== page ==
Giotto (Florentine, c. 1265 - 1337)'s explorations and innovations in art during the early 14th century developed, a full century later, into the Italian Renaissance. Besides making panel paintings, he executed many fresco cycles—the most famous at the Arena Chapel, Padua—and he also worked as an architect and sculptor.
Transformed by Giotto, the stylized figures in paintings such as the _Enthroned Madonna and Child_ took on human, believable qualities. Whereas his Sienese contemporary Duccio di Buoninsegna (Sienese, c. 1250/1255 - 1318/1319) concentrated on line, pattern, and shape arranged on a flat plane, the Florentine Giotto emphasized mass and volume, a classical approach to form. By giving his figures a blocky, corporeal character, the artist introduced great three-dimensional plasticity to painting.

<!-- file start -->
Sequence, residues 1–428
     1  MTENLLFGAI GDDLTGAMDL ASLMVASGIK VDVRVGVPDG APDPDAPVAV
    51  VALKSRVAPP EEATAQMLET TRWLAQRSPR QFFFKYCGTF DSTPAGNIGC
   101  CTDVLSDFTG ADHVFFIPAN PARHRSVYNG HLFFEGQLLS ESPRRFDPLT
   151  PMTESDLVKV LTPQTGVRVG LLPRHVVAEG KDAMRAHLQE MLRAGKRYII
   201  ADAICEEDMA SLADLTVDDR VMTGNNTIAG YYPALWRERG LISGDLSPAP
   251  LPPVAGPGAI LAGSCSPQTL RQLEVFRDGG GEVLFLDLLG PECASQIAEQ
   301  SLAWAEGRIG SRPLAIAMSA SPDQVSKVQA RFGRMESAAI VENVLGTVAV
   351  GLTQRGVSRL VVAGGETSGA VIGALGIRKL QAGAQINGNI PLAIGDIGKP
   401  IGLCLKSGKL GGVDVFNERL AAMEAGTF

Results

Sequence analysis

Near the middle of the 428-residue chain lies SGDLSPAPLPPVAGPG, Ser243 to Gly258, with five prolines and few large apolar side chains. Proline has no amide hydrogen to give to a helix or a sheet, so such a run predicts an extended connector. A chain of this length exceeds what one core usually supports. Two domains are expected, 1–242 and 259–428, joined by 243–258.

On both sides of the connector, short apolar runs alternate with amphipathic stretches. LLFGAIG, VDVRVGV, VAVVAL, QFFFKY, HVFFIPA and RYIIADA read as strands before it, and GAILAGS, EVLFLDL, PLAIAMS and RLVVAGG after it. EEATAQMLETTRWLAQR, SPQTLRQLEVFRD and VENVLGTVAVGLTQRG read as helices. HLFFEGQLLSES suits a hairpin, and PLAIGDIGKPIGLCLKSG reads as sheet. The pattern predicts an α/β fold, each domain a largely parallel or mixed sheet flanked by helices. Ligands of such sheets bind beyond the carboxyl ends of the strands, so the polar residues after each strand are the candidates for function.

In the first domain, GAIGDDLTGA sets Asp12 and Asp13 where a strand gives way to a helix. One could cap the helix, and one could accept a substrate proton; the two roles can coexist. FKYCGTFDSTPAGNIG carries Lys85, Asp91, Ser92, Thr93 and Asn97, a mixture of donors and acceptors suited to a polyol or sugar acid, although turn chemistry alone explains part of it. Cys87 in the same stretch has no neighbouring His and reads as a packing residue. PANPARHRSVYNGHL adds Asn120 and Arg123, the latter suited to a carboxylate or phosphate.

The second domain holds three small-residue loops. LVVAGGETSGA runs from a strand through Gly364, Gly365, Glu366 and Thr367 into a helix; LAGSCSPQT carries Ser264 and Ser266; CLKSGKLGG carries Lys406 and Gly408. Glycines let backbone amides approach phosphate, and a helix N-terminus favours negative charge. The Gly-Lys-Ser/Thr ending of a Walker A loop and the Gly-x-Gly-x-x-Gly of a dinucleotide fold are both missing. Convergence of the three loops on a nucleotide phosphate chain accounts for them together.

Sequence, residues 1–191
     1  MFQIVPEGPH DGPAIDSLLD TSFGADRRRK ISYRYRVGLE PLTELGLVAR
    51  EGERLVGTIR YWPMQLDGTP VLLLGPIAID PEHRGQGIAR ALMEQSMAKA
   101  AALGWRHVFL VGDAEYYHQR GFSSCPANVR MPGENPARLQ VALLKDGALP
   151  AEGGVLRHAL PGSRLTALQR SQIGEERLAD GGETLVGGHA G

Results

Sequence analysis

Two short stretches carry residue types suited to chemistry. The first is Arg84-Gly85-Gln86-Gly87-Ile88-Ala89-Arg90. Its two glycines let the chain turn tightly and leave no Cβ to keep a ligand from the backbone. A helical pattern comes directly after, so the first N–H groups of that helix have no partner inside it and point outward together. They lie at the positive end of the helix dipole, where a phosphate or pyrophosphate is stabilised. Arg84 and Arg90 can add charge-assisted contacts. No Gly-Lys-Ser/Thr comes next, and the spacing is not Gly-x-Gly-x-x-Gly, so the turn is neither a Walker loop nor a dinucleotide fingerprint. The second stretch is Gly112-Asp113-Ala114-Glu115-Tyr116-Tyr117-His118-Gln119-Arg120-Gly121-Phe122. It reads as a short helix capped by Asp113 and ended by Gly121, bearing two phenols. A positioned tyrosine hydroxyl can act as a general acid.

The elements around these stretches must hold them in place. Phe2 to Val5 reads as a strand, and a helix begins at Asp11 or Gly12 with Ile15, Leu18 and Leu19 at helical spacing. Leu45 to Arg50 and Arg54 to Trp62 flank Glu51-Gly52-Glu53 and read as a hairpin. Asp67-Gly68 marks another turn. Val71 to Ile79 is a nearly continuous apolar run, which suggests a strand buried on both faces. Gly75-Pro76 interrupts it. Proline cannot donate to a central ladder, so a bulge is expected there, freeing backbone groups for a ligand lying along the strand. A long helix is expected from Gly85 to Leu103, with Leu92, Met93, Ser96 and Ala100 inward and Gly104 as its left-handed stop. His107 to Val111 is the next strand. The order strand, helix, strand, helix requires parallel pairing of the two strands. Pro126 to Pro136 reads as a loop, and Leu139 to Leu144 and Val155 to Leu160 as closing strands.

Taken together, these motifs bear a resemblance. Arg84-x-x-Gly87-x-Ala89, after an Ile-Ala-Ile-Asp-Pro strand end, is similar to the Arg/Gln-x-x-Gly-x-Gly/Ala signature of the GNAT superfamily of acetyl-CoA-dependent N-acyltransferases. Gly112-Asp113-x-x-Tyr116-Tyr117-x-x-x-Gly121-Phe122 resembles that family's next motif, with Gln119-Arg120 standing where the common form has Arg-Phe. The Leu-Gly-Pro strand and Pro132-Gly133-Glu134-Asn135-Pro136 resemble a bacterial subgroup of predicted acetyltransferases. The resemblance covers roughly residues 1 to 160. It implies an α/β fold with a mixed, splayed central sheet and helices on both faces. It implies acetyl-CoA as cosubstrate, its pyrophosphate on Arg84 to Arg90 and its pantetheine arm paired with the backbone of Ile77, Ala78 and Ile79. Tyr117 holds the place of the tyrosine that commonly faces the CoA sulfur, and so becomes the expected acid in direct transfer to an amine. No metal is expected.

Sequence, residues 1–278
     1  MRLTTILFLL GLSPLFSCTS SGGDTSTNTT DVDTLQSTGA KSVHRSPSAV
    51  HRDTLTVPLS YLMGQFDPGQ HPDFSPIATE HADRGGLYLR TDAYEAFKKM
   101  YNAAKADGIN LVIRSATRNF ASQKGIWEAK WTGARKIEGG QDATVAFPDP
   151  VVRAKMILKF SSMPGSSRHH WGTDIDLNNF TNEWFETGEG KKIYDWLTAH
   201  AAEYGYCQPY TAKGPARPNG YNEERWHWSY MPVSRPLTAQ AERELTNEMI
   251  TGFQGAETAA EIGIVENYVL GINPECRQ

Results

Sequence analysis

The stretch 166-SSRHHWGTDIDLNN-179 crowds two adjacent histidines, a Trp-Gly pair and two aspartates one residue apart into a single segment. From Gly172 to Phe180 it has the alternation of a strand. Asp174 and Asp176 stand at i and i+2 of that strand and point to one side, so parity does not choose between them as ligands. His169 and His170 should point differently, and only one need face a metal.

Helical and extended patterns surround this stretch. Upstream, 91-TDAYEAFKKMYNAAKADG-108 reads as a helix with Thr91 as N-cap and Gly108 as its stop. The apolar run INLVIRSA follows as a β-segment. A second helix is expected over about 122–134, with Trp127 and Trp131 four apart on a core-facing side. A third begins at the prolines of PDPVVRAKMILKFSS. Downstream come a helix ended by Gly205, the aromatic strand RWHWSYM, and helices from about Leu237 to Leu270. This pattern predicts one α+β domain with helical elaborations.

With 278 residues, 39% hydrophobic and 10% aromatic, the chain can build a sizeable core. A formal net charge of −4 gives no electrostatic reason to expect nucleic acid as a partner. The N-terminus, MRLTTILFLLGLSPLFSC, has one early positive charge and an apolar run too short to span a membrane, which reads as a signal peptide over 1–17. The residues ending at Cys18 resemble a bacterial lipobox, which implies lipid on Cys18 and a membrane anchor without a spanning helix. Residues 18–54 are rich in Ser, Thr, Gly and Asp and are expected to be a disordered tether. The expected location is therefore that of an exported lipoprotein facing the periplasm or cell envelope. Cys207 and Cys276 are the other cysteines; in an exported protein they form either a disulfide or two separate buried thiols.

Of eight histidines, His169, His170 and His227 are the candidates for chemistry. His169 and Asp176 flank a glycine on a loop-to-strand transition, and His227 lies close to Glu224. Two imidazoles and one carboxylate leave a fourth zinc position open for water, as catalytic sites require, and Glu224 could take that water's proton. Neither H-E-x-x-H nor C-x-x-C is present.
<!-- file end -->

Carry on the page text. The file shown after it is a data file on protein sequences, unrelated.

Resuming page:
Painted during the latter part of Giotto's career, the _Madonna and Child_ was the central part of a five-section polyptych, or altarpiece in many panels (see Madonna and Child). Giotto utilized a conservative Byzantine-style background in gold leaf, symbolizing the realm of heaven, and included a white rose, the traditional symbol of Mary's purity as well as a reference to the innocence lost through Original Sin. Yet, the _Madonna and Child_ introduces a new naturalistic trend in painting. Instead of making the blessing gesture of a philosopher, the infant Christ grasps his mother's left index finger in a typically baby-like way as he playfully reaches for the flower that she holds.